Application security, Compliance Management, Privacy

Facebook Live Location service raises privacy, safety concerns

Cybersecurity experts are questioning whether Facebook's addition of Live Location to its Messenger texting app will pose a privacy issue for its users.

Live Location enables to Messenger users to share their location in order to make getting together easier. Essentially, when turned on a map appears showing the individual's location and an estimated time of arrival to a particular point.  The location “share” can last for 60 minutes or be turned off at any time, Facebook said.

However, while most likely a useful app it does open up users to potential harm from both a cyber and a physical standpoint. There is also the point that any geolocation information inputted also may be used by Facebook.

 “Users need to remember that everything they type and share on Messenger is recorded and may be used by Facebook or stolen by hackers, especially geolocation data. Facebook will use this information for activity profiling, sending ads, and possibly to sell this data to third parties,” said Nimrod Vax, Co-founder of BigID.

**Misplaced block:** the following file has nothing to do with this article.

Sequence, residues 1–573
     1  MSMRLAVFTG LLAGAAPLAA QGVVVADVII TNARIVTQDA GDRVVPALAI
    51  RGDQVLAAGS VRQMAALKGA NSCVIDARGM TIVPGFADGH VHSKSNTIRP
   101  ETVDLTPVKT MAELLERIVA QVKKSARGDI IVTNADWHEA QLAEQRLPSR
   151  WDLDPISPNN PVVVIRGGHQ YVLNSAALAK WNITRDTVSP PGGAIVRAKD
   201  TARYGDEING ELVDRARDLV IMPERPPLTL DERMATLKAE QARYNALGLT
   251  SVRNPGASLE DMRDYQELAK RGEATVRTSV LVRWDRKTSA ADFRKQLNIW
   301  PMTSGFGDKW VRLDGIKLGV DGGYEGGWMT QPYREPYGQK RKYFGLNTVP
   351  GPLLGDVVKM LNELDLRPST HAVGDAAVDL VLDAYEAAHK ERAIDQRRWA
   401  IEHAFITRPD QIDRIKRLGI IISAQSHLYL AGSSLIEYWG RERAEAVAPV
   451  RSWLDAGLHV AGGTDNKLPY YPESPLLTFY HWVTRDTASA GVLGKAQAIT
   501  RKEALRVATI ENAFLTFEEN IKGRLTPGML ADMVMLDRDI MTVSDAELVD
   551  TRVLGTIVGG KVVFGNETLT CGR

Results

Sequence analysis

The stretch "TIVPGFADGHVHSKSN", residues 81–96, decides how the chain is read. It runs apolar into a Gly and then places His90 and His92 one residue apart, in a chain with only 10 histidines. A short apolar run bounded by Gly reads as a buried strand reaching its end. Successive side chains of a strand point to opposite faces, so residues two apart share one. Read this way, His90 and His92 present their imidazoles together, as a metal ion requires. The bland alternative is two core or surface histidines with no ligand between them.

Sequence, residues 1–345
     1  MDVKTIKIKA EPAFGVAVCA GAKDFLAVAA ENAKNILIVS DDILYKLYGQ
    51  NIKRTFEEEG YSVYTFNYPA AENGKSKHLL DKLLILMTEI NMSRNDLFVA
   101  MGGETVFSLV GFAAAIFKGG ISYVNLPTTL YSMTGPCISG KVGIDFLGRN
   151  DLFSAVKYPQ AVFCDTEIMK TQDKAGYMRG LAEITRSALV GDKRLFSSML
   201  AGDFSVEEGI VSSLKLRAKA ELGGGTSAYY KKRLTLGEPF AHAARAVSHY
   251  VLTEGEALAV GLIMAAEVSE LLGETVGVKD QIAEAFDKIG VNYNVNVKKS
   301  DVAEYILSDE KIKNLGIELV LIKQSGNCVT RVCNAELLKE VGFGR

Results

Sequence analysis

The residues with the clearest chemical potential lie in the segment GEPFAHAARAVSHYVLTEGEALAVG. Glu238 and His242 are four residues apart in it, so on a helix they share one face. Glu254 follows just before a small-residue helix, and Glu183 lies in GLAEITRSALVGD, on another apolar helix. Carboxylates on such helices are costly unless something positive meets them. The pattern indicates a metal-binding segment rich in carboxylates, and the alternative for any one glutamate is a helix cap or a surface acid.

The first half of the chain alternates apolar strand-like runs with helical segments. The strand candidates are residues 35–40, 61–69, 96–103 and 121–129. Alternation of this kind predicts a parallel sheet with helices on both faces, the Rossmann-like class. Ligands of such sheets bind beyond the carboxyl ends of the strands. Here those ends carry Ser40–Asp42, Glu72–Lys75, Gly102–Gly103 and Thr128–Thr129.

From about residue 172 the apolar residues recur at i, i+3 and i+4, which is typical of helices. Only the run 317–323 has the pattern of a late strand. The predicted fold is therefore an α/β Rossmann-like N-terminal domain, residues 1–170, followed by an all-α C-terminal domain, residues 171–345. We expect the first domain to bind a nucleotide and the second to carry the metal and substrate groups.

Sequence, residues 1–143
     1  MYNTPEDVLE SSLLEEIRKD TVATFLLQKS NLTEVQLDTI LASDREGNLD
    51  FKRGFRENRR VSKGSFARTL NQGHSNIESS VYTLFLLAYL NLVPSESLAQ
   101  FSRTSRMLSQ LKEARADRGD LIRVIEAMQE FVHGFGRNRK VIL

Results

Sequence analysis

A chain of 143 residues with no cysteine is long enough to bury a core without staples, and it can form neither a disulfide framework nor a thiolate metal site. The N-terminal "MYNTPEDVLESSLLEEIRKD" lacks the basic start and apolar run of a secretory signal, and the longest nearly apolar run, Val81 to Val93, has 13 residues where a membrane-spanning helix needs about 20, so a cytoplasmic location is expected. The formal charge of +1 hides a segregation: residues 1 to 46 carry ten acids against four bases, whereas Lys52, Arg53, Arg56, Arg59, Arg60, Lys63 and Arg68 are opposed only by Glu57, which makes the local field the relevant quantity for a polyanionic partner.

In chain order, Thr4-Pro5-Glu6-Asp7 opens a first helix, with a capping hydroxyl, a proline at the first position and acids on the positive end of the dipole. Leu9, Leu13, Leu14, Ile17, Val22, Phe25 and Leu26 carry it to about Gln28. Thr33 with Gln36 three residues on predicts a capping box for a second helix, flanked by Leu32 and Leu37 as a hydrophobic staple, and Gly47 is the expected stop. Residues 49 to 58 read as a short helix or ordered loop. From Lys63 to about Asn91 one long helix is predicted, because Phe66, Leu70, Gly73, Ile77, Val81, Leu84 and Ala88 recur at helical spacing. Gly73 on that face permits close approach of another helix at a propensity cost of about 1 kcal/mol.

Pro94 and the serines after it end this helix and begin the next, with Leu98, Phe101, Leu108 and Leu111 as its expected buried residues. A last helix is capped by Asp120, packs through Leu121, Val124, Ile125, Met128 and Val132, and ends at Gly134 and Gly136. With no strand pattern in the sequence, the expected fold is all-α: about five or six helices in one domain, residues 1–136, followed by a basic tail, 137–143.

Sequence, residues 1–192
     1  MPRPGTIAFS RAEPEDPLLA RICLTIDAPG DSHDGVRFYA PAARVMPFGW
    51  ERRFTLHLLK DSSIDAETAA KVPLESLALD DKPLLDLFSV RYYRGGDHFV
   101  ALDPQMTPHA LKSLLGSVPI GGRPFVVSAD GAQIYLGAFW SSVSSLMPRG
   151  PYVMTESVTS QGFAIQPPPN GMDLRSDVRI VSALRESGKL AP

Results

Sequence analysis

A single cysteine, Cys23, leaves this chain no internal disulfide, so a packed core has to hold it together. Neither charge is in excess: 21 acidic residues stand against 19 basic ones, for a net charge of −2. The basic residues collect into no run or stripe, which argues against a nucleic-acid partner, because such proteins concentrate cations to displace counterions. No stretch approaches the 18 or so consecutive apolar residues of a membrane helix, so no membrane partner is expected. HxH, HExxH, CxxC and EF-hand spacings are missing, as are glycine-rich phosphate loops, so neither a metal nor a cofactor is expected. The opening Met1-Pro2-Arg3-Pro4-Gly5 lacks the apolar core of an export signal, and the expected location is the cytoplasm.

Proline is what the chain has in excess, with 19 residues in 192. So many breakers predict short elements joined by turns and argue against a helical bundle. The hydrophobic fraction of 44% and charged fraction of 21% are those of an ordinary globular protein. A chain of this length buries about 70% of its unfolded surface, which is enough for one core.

George Avetisov, CEO of the biometric security firm HYPR, pointed out that there are privacy concerns for both individuals and corporations.

“For one, opting in informs Facebook where you are, because you're giving it access to your location. Acquaintances — imagine a coworker who sees you at a competitor's office — also could be accidentally informed where you are at times when you may not want them knowing. A 60-minute live location session presents a fairly broad picture of your workday,” he told SC Media.

On a positive note the fact that Live Location is an official Facebook product should mean that the proper privacy settings and cybersecurity measures are in place.

“Many third-party social network integration apps have this functionality, such as video games, restaurant locators, and dating apps. However, since this appears to be an official Facebook app, there will most likely be privacy settings available,” said Alex Heid, chief research officer for SecurityScorecard.

With that said Heid added, any Messenger users should make sure to read and fully understand the privacy policy and settings before enabling the app.

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